As of Friday, December 22, 2017
Fifty years ago, a young immigrant who moved from Cuba to Miami, started an apparel company that made school uniforms in Japan and then shipped them to Puerto Rico.
That immigrant was George Feldenkreis, who grew up in Havana until he decided that Cuba under Fidel Castro was a bad idea.
Recently, Feldenkreis and his son, Oscar, celebrated the 50th anniversary of Perry Ellis International, which used to be called Supreme International until 2000. Besides uniforms, Supreme International in the beginning also imported from Japan guayaberas, a four-pocket shirt worn in Latin countries, into the United States, buying them for $18 a dozen and selling them for $60 a dozen.
Today, Perry Ellis owns several labels, including California brands Laundry by Shelli Segal and Jantzen. It also has the license for Jag swimwear.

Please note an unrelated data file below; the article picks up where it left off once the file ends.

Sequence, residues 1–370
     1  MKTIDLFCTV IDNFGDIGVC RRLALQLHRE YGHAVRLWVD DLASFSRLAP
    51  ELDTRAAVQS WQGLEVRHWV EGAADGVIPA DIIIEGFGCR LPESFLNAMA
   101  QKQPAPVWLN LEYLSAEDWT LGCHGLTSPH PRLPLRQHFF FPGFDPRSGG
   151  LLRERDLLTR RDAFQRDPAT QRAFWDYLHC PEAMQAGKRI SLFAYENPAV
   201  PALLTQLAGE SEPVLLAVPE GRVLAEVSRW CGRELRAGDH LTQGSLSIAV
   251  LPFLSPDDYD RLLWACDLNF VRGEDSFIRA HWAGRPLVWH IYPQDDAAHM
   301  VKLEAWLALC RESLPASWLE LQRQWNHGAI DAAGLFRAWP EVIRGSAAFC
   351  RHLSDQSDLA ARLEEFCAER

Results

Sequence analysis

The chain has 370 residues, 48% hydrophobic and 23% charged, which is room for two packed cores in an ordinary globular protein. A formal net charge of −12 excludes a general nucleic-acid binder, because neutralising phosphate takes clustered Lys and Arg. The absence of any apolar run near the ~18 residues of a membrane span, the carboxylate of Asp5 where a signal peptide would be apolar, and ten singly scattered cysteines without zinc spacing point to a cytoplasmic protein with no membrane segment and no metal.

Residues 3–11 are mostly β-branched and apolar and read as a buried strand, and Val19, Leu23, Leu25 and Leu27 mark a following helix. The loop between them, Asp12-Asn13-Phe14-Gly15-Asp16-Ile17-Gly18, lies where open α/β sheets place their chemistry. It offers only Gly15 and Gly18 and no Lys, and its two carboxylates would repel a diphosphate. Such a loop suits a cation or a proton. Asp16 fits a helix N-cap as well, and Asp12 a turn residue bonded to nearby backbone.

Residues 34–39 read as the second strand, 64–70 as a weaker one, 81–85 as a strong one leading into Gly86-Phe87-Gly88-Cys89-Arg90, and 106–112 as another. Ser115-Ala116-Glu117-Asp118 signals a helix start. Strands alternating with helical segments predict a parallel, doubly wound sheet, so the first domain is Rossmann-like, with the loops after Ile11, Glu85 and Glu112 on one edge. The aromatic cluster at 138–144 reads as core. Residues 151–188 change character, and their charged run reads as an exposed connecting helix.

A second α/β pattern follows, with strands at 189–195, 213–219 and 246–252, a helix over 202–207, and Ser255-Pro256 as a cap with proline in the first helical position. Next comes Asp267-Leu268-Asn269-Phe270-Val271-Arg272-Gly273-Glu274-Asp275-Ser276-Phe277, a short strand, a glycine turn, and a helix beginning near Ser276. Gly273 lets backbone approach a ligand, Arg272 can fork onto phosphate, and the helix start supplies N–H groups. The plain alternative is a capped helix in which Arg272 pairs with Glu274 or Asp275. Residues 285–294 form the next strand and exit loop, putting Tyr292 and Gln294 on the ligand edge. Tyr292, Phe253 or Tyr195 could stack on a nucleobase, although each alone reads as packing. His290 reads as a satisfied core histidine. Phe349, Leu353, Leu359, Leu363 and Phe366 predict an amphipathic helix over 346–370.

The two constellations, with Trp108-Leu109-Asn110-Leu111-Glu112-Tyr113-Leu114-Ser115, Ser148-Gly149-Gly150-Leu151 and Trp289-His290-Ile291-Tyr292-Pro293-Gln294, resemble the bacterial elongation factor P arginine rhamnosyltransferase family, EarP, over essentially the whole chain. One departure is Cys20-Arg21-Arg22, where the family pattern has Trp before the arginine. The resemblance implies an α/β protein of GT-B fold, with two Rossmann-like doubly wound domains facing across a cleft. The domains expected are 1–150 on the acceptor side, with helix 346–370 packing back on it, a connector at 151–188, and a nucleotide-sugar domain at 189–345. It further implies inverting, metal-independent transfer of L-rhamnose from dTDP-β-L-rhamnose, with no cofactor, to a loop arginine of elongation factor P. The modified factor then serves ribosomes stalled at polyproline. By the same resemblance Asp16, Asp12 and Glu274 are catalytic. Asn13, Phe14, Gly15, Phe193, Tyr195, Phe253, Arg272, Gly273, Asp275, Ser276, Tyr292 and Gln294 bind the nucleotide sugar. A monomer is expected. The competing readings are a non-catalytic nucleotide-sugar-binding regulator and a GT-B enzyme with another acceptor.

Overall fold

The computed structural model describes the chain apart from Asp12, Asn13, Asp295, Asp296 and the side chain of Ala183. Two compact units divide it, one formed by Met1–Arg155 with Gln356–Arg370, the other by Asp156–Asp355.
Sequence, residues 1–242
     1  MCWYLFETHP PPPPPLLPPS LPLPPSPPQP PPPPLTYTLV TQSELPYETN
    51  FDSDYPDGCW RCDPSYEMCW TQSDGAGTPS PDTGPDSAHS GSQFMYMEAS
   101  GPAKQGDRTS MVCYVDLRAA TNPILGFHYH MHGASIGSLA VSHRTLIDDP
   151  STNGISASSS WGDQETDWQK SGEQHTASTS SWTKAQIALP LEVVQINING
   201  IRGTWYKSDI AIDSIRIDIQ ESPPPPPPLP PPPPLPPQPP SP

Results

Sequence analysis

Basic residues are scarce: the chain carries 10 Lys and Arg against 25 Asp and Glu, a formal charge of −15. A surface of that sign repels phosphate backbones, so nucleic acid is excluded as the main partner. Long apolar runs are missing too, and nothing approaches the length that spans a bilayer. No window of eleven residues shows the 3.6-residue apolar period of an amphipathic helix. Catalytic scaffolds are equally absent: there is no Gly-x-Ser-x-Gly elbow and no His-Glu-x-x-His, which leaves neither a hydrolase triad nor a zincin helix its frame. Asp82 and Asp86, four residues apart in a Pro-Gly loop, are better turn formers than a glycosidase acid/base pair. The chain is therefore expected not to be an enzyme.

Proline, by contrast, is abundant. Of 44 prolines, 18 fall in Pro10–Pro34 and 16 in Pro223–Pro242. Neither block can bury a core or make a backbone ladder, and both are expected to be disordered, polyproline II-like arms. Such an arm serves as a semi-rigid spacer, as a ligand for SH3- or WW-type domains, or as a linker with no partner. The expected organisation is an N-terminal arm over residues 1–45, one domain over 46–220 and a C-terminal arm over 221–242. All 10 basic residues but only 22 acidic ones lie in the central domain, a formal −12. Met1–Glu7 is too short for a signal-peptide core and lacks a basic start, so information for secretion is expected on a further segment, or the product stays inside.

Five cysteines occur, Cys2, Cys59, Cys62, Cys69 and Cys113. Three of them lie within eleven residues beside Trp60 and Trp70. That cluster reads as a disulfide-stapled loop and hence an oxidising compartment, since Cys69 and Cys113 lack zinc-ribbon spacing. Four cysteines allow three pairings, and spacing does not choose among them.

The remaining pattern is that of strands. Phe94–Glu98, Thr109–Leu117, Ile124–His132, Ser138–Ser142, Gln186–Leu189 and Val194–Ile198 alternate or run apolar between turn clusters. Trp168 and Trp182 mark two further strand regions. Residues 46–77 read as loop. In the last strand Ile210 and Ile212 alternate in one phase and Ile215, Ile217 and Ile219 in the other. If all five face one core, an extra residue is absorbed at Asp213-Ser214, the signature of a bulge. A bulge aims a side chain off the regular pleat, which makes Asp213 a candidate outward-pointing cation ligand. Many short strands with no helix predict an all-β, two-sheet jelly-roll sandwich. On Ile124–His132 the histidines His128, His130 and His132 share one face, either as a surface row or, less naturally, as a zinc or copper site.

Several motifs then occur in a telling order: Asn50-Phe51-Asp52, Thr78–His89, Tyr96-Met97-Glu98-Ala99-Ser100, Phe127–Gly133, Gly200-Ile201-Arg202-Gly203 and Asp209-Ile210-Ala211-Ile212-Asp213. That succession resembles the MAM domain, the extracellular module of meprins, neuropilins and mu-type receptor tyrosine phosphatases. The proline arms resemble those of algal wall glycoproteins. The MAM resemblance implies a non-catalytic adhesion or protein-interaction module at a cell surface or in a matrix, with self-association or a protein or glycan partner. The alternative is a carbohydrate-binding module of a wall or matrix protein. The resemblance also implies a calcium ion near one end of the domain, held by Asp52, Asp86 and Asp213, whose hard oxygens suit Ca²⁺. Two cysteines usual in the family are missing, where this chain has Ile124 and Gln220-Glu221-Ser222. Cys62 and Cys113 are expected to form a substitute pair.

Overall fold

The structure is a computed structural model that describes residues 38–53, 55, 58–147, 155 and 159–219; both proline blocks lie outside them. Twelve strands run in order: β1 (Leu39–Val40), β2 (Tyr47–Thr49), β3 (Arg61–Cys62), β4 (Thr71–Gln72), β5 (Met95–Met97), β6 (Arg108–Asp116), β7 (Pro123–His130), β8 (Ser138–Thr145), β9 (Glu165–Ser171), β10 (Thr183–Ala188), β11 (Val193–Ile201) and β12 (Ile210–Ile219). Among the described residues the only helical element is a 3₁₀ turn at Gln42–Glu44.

At the helm of the company is Oscar, who is the chief executive, and George, who is on the board of directors.
As part of its 50th anniversary awareness campaign, Perry Ellis has partnered with United Way's Operation Helping Hands to provide donations, food and resources to help families in need during this holiday season. Perry Ellis will match every customer donation, up to $50,000, and will donate clothing to 50 needy families through United Way's Operation Helping Hands.